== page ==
3 Ways to Lower Healthcare Administrative Costs
Healthcare administrative costs are a component of the healthcare system in the United States that many know exists, but only few really understand. Trying to understand the ins and outs of medical coding and what administrative services you are paying for once a medical bill is received can be overwhelming, especially if you are already facing a stressful medical event.
Healthcare administration includes all activities related to coordinating health and medical services, such as scheduling, billing, and claims processing. According to the Center for American Progress, U.S. payers and providers will spend $496 billion on billing and insurance-related administrative costs in 2019. In the United States, healthcare administrative costs make up roughly 30% of all medical bills received. From a monetary perspective, if you receive a $500 medical bill, $150 of that total will likely be from a variety of healthcare administrative tasks. With healthcare administrative costs constantly being monitored, here are three ways that can help ease the burden of those costs.
Proper Medical Coding
Proper medical documentation is an important aspect of billing within the revenue cycle process in the healthcare industry. Providers use these medical records to validate their reimbursements to different payers when a conflict with a claim has been issued. If a procedure or treatment is not correctly documented in the medical record by a provider or their hospital staff, the health organization could receive a denied claim. When records contain incomplete or inaccurate information, a lot of manpower, time and money must go into correcting the inaccuracies within the document. When incorrect medical coding is happening on a grand scale within a healthcare system, the stress put on the revenue cycle process can cause major issues for the provider’s bottom line and overall financial well-being. By ensuring that documentation is correct before it is sent to the payer, the revenue cycle can go uninterrupted and healthcare administration costs can be kept at a minimum.
Another way to improve the overall efficiency and lower healthcare administrative costs is by continuously monitoring accounts receivable, also known as A/R follow up. With the variety and ever-changing services that physicians, hospitals and long-term health clinics provide, each patient that is seen will owe a specific amount to the provider based on the treatment that was given. Keeping those payments organized is essential for proper medical billing, not just for the providers but also the patients. The A/R follow up process ensures that healthcare organizations have a way to recover overdue payer or patient payments. A/R follow up responsibilities include looking after denied claims,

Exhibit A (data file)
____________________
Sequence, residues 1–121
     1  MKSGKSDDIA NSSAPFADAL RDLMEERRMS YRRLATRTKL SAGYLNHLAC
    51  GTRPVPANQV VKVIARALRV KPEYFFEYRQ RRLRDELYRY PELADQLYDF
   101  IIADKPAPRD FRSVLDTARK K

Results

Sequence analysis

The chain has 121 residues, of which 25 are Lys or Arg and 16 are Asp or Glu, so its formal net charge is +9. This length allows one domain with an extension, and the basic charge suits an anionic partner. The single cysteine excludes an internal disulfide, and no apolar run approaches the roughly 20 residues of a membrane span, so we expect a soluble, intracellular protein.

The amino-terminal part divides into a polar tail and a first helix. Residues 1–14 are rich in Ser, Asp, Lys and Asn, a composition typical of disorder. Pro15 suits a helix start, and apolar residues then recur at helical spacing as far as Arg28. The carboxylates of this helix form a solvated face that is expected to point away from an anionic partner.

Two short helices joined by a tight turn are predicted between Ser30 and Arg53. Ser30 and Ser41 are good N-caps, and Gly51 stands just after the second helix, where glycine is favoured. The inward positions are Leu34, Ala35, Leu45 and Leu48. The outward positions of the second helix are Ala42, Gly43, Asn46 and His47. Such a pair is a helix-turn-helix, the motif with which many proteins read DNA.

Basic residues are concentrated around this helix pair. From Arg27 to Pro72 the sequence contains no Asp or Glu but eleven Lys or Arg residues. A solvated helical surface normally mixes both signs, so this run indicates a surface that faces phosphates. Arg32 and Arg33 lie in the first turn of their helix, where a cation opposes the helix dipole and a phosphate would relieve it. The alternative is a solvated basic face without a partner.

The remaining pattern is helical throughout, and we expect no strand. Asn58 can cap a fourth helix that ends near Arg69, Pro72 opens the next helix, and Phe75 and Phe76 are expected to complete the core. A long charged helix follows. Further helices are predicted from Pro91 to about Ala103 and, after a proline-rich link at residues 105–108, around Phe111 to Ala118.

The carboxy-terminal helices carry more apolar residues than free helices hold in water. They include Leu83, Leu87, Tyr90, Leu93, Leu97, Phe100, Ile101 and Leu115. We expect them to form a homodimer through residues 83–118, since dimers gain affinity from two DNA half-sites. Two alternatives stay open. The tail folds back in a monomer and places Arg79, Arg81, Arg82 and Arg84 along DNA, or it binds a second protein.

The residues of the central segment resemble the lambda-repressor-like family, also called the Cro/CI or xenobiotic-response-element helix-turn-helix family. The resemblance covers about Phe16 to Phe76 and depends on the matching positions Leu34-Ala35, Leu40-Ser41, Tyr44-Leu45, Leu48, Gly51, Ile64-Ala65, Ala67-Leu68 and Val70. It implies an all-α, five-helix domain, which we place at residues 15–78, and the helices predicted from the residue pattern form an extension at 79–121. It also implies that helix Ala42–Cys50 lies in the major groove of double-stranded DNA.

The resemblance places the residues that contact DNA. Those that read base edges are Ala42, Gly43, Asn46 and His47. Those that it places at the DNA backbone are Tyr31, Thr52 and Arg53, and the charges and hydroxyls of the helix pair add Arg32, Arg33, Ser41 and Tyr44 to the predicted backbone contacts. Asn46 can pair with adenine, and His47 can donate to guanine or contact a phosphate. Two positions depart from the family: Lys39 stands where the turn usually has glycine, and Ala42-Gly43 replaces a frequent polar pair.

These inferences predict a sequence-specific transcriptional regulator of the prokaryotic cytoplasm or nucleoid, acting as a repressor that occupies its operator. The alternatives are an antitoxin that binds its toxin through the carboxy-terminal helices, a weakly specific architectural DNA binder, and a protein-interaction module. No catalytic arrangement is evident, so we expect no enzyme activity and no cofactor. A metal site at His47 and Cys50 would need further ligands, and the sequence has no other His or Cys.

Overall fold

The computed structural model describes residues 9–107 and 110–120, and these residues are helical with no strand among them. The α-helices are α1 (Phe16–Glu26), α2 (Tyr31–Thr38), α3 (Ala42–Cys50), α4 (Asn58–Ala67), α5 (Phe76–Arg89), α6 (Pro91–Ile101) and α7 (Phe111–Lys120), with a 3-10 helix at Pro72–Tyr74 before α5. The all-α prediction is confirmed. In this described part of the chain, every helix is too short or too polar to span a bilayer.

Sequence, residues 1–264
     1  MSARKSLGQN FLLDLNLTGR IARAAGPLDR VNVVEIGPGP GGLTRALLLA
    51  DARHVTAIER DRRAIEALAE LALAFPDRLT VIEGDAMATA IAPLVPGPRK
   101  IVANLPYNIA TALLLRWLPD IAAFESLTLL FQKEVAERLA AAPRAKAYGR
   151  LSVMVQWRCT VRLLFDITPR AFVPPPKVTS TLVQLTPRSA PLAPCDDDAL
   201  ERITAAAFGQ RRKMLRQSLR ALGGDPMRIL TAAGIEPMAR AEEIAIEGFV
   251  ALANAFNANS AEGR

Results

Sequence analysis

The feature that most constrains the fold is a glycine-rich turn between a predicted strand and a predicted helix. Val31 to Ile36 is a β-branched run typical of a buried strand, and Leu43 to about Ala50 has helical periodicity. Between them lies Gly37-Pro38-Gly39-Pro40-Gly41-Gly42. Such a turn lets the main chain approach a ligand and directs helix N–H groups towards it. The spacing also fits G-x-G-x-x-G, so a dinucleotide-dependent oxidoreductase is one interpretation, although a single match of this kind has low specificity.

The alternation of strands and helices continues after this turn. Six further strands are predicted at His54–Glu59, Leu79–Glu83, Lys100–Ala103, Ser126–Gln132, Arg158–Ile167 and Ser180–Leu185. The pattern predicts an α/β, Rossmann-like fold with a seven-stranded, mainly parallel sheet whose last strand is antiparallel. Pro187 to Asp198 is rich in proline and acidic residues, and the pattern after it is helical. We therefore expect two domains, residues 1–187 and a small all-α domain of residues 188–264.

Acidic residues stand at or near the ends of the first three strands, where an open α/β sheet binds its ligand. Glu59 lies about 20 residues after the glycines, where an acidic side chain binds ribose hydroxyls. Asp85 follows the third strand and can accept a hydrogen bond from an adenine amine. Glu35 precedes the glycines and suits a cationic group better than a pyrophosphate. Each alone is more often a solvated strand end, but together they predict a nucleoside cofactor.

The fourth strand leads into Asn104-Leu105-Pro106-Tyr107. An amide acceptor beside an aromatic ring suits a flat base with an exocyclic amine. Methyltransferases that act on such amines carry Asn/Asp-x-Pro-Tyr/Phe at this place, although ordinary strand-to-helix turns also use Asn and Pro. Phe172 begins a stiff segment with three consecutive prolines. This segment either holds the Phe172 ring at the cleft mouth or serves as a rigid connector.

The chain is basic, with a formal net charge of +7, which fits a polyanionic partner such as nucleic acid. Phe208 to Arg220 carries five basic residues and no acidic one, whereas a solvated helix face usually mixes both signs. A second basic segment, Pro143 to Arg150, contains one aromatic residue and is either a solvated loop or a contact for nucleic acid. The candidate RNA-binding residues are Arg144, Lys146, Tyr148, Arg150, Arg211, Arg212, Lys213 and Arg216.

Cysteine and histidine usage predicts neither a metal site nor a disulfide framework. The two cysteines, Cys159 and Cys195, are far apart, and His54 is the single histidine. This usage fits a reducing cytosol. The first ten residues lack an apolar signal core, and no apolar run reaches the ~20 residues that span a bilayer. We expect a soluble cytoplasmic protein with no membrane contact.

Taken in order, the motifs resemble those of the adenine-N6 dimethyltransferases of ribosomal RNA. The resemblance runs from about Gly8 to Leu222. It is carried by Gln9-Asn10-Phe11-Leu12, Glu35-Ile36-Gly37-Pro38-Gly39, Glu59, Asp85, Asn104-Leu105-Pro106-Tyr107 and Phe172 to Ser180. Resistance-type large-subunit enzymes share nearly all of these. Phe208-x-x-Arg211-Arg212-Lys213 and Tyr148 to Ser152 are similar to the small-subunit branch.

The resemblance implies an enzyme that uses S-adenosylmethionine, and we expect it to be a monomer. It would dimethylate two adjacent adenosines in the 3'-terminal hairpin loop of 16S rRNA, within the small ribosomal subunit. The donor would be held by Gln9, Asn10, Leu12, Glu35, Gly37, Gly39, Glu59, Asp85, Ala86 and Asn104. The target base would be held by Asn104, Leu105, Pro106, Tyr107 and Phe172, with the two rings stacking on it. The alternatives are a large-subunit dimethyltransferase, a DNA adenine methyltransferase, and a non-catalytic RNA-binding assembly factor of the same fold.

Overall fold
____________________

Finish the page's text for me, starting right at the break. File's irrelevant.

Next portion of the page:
exploring partial payments and reopening claims to receive maximum reimbursement from the insurance companies.
Improving Patient Safety
In the past, the focus of patient care and how an individual is billed after visiting their provider has been primarily based on the volume of care a patient receives, also known as fee-for-service. With the implementation of the Alternative Payment Models (APMs) and value-driven care becoming a more popular option, the focus on improving patient safety outcomes play a bigger role than ever before. Federal policies from CMS and major payers are pushing APMs which are payment methods that rewards providers for delivering high-quality care at reduced costs. By implementing APM and having the patient’s outcome tied directly to a provider’s reimbursement, patients receive a higher quality of care and have a more positive experience. When both instances occur, patients usually see better long-term health outcomes. When patients receive customized care based on their individual needs instead of a prescribed one size fits all method, healthcare costs are lower because hospital readmissions, repetitive or unnecessary treatments and all of the expensive administrative tasks during the billing process can be greatly decreased or avoided all together.
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